7. Steer Clear of Cliches

People don’t want to read about all the things that they’ve already known. Don’t be afraid to throw in a jarring character that they didn’t expect to be leaders of this story. You don’t have to follow all of the cliche character types such as “male” and “middle age.” You can use other cultures to make the actions more rich and livelier.

The same can be said when thinking about setting. Not all spooky stories take place in hospitals, morgues, graveyards, and churches. Broad daylight in the middle of a coffee shop can be just as scary as midnight in a haunted house, that is… if you know how to write it.

8. Develop An Arc

An “Arc” is nothing more than a storyline. The “arc” is the plot of the story so when you develop it, develop it well. Don’t be afraid to take twists and turns that nobody knew of. Use MacGuffins so that your characters can have something to attain, give them the adventure to go on, and more than that, don’t be predictable. Another facet of being cliche is giving someone a story that they can predict an ending to, don’t do that. Give them an amazing arc.

9. Write To An Audience

If you haven’t decided just who your set audience is, quite yet, that’s fine. Know that you don’t have to know one specific kind of person and that many people may be attracted to your work. But, when you write, ask yourself, “who is this book for?” Is this for the person that may want to feel liberated? The person that wants to get away from life? The person that wants to learn? Or, the person who is bored? Either or, create the story for that person and I assure you that it will sell itself.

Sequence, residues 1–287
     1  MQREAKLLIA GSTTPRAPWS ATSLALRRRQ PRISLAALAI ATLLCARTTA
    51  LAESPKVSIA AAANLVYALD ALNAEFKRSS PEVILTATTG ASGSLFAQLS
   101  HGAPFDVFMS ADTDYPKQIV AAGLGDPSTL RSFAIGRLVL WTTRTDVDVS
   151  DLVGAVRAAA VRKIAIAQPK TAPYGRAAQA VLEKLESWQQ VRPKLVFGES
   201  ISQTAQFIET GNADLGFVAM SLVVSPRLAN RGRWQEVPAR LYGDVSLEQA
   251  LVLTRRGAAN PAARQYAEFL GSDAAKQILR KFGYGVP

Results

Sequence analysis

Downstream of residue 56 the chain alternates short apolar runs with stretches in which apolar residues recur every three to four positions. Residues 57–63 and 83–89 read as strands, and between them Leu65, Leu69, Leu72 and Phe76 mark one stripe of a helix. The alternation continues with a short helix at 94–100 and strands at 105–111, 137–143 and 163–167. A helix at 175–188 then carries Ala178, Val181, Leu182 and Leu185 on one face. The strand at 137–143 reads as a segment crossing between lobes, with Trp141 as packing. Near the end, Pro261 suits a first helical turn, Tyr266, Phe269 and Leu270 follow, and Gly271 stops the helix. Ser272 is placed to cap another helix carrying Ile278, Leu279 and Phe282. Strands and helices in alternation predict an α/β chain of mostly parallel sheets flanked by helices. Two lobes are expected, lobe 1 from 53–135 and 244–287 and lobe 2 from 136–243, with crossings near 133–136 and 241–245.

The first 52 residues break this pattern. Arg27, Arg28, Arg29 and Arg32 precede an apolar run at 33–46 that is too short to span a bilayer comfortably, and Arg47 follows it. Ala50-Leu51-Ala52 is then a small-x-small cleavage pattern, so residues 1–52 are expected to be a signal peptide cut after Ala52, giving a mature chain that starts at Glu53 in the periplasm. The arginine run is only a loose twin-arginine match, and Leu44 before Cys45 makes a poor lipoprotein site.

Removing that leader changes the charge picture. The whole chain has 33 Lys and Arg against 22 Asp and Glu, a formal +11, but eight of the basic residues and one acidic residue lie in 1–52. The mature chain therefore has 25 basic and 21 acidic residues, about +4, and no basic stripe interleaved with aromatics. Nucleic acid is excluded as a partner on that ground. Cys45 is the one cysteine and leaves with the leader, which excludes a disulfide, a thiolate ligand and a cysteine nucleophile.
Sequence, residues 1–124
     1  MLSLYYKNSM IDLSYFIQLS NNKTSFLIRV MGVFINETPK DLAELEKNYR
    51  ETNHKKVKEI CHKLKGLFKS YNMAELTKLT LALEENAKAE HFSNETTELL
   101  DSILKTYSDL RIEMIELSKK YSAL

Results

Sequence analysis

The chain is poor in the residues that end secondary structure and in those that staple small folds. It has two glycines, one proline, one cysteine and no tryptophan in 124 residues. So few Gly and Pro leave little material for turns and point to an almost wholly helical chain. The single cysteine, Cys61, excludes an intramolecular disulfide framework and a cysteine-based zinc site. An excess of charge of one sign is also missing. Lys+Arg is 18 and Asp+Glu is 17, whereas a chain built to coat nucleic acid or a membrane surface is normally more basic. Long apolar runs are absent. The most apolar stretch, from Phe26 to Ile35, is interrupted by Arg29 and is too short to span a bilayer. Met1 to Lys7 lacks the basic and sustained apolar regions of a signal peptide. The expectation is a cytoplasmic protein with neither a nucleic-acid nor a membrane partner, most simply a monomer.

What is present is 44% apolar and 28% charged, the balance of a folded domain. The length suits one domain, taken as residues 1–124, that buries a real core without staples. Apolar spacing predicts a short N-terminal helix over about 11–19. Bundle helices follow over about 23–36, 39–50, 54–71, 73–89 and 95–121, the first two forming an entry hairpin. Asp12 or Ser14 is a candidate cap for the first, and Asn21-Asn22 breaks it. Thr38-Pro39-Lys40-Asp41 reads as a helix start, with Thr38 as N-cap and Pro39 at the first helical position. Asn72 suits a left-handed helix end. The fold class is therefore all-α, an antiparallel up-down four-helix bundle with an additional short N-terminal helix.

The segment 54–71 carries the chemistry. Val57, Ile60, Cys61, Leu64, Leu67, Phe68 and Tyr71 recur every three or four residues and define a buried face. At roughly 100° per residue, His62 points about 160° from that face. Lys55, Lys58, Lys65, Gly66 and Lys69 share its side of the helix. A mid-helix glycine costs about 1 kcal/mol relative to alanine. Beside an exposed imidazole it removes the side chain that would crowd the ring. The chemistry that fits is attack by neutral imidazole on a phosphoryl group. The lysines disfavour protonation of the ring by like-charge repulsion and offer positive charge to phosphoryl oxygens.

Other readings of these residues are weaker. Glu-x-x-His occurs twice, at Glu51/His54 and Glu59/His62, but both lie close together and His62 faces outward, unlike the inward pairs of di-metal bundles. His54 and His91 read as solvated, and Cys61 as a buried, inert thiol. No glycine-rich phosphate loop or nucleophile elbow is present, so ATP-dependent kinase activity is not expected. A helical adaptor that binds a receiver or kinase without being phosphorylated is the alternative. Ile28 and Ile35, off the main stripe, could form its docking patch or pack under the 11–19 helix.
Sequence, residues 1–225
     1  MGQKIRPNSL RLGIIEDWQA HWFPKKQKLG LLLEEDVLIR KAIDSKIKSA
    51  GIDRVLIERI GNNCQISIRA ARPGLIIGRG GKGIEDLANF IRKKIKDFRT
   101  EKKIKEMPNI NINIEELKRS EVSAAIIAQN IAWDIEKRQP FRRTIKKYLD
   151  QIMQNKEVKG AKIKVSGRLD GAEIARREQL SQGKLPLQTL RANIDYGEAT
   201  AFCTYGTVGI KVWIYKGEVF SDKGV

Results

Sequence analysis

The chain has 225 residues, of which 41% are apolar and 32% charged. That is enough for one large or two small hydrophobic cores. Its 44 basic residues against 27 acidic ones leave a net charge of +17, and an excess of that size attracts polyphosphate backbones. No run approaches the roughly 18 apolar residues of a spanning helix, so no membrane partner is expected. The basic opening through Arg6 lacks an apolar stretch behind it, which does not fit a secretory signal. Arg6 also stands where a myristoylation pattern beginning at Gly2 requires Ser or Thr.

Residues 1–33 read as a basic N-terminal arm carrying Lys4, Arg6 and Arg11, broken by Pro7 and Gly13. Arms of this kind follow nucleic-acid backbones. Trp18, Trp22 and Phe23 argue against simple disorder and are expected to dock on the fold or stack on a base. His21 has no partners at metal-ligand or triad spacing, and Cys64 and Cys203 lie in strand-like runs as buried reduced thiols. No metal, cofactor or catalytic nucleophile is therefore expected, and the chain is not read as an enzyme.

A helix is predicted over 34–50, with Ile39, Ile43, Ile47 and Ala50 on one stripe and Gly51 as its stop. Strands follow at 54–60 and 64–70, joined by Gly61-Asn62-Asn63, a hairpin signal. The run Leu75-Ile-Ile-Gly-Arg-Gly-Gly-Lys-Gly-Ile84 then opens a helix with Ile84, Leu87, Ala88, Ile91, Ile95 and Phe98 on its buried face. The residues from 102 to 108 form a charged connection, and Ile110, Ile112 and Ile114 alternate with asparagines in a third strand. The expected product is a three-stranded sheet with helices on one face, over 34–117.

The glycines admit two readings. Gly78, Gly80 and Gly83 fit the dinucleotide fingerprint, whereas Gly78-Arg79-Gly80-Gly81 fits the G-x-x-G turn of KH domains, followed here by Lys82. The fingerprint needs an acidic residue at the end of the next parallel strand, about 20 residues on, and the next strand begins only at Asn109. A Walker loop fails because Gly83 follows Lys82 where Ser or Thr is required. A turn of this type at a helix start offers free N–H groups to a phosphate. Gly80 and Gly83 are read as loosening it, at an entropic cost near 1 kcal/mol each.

10. Write No More Than 2,500 Words

Lastly, don’t write a “short” story that is more than 2,500 words. Average competitions are around this length and when you begin to succeed it then you have yourself a story that’s too long and may be drawn out. Try to keep your word count below this and I’m sure that you will find yourself being succinct in your writing.

Flash Fiction is in style, so if you can, make your work only 1,000 words so that you can submit it to various places.

7 thoughts on “What Makes a Good Short Story?

  1. Hey Sierra, you make a great point about short stories not having a lot of space for building interest. If the story is short, we should get to the interesting stuff as soon as possible. I love reading story openings and first lines.

    Liked by 1 person

  2. Hi Sierra, these are good tips. I’ve published a few short stories and have won several competitions. It takes years to learn to do it well. I’d add: pay attention to point-of-view and voice. A compelling voice can make the difference between an average story and a masterful one. I agree that 2500 words is a good target, however, many literary magazines do accept submissions up to 6000 words.

    Liked by 1 person

    1. Thank you! I agree with that, voice and point of view does matter. Congratulations to you for winning some competitions, I haven’t submitted to anything quite yet that’s competitive in nature. But, I’m interested in doing so some day. Best of luck to you!